AUKUS – The Nuclear Submarines and the Defence Industry


Authors: Tim O’Callaghan, Travis Shueard

Service: Corporate & Commercial | Employment & Labour | Intellectual Property & Technology | Projects & Construction
Sector: Defence

The recent AUKUS nuclear submarine announcement by the combined governments of Australia, the United States and the United Kingdom is a watershed moment for the Australian Defence Force and its supporting Defence industry.

On 14 March 2023, the AUKUS alliance announced the planned pathway for Australia to obtain nuclear submarines and, broadly, how Australia plans to develop the capability to build and maintain them, to the estimated sum of AU$368 billion over about 30 years.

What does this all mean? In this Insight, we summarise the AUKUS submarine announcement and its impacts on Australia’s Defence Industry.

What is AUKUS?

AUKUS is a trilateral security pact between Australia, the United States, and the United Kingdom.  The pact was announced on 15 September 2021 by (then) Prime Minister Scott Morrison, (then) UK Prime Minister Boris Johnson and the US President Joe Biden.

AUKUS arose out of the rapidly changing geo-political situation in the Indo-Pacific and will focus on military capability.  The pact will include cooperation on nuclear submarine technology, cyber security, hypersonic missiles, electronic warfare, and information sharing.

To date, the most promoted development from AUKUS is that the United States will share nuclear propulsion technology with Australia, in a similar manner to how the United Stares has shared with the United Kingdom under their respective 1958 US-UK Mutual Defence Agreement.

Nuclear Submarines – Australia’s Plan

The endeavour to build Australia’s nuclear submarine force is a colossal one, and will be undertaken in several stages:

  1. First, US and UK nuclear submarine forces will begin rotations to Australia, being based at naval base HMAS Stirling in Western Australia. This will begin from 2027, although the two nations will increase their visits to Australia from this year.
  2. AU$ 8 billion will be spent on upgrading HMAS Stirling to support this deployment.
  3. In the early 2030s, Australia will purchase three US Virginia-class nuclear submarines, with an option to purchase 2 more.
  4. Australia will commence building a new pattern of nuclear submarine, the SSN-AUKUS pattern, based on a UK design, from estimated project delivery time in the early 2040s. The intention is for Australia to build approximately eight SSN-AUKUS submarines, with the last delivered in the 2050 – 2060s.[1]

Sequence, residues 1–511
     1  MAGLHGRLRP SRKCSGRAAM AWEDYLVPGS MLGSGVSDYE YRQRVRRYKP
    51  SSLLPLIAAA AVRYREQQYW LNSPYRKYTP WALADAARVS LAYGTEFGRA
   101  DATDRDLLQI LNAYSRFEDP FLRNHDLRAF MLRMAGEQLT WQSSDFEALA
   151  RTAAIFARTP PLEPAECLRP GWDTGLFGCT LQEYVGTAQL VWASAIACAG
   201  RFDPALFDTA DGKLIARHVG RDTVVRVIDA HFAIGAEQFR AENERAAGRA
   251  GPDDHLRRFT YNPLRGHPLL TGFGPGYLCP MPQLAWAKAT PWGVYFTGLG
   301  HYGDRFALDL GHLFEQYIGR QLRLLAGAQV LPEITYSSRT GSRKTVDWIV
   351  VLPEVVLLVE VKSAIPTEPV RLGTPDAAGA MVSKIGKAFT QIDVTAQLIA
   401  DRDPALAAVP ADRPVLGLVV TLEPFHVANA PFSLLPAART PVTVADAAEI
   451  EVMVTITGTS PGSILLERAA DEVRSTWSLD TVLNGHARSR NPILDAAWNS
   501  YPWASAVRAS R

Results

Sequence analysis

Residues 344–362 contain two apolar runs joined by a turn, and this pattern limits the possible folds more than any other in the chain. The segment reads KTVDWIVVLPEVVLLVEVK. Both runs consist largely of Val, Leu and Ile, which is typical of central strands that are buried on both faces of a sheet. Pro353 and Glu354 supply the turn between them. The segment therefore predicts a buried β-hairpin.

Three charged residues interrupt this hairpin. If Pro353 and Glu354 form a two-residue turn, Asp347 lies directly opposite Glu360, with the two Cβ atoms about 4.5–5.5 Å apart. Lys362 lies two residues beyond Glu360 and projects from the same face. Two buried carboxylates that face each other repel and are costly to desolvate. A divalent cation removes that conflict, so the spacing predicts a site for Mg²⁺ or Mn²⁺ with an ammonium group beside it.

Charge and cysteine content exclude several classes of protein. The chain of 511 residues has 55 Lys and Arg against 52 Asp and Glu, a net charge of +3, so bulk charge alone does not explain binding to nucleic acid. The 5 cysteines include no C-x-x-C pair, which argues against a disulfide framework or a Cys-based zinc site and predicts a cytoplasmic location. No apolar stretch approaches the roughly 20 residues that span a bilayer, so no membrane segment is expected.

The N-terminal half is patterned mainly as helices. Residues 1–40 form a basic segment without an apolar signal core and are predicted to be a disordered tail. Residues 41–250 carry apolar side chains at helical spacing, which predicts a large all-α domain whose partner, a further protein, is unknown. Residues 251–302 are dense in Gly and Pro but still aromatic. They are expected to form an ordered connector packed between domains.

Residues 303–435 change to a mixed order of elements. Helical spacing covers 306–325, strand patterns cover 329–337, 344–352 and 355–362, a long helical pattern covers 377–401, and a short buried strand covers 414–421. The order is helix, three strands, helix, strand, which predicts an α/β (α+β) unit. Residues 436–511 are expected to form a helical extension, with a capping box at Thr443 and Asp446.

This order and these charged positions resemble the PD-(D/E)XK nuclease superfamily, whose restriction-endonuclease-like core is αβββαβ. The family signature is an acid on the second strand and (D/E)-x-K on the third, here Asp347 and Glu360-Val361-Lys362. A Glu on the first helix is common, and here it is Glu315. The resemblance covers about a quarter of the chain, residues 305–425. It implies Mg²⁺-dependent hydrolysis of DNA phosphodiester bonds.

5. To support this huge project, a massive injection of funding will be invested into expanding Osborne shipyard in Adelaide, South Australia, commencing with $2 billion being invested over the next four years. It is projected that the shipyard will triple in size, making Adelaide the hub of naval shipbuilding in Australia. In 2022, the then Federal Government announced that the shipyard would eventually be about 65ha.

These submarines will be conventionally armed, not nuclear armed. There will be no nuclear weapons aboard these submarines.

Impact on Defence Industry

The impact that this project will have on the Australian Defence industry will be substantial.

It is estimated that over 20,000 direct jobs will be created across Australia over the life of this project, with about 5,500 of those jobs being based at Osborne alone.[2] A shipbuilding training academy will be established at Osborne to produce the necessary apprentices as required.

The supply chain needed for the submarines will be extensive and without comparison to past Defence industry projects, requiring everything from traditional shipbuilders to software engineers.

On that note, the South Australian Government has recently announced a software engineering degree apprenticeship will be designed and delivered by a South Australian university in the next several years.

It will also be essential that Australia develop the nuclear skill base needed to build and maintain the submarines. While Royal Australian Navy officers will be embedded in US and UK submarines for training, Australia will need to create an educated civilian nuclear workforce rapidly in time for when the project begins in earnest. The opportunities for businesses to become part of Australia’s future nuclear industry will be substantial.


The AUKUS announcement is by all measures a gigantic shift for Australia’s Defence force, its naval capability, and the Defence industry.  Notwithstanding current major naval projects such as the Hunter-frigate program, the Arafura-class Offshore Patrol Vessel, and the life-of-type extension for the currently serving diesel-electric Collins-class submarine, the opportunities for the Defence industry could be transformative.

Piper Alderman has nationally recognised lawyers with specialist expertise in legal matters affecting the Defence industry. Please do not hesitate to contact us should you require legal advice.

[1] Department of Defence Media Release, “AUKUS nuclear-powered submarine pathway”, 14 March 2023

[2] Prime Minister Media Release, “AUKUS Submarine Workforce and Industry Strategy”, 14 March 2023